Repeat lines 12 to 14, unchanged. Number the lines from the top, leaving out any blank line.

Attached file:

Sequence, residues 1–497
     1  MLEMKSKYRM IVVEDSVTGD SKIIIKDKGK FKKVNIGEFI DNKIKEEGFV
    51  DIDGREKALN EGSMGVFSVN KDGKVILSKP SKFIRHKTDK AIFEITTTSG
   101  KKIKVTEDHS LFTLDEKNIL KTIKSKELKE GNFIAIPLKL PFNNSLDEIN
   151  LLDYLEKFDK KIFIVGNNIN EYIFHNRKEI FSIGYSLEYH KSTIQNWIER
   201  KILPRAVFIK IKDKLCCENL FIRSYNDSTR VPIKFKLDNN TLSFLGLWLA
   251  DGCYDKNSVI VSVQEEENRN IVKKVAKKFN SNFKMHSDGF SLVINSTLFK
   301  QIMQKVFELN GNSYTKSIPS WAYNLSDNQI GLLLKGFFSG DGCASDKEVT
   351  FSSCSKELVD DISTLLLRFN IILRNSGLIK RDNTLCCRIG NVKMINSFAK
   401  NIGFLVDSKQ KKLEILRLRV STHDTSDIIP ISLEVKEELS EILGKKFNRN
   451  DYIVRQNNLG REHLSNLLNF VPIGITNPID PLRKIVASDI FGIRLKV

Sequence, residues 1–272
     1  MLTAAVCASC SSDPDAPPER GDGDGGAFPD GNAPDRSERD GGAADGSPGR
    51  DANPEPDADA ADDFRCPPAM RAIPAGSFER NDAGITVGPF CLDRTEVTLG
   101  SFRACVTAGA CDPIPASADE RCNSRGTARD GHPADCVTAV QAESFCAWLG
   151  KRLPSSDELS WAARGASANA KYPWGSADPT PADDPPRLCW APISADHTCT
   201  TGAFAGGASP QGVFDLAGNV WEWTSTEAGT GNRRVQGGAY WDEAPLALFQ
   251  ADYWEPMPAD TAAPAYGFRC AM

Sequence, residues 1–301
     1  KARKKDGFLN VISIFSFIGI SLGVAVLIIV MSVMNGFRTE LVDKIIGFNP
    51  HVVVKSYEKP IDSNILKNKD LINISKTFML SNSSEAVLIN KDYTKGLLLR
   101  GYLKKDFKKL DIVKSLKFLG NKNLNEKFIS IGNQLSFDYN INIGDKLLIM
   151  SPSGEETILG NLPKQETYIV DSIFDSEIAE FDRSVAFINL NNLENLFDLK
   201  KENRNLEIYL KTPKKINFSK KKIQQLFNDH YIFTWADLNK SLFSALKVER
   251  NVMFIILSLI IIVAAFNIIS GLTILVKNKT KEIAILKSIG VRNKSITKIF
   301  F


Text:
Sequence, residues 1–272
     1  MLTAAVCASC SSDPDAPPER GDGDGGAFPD GNAPDRSERD GGAADGSPGR
    51  DANPEPDADA ADDFRCPPAM RAIPAGSFER NDAGITVGPF CLDRTEVTLG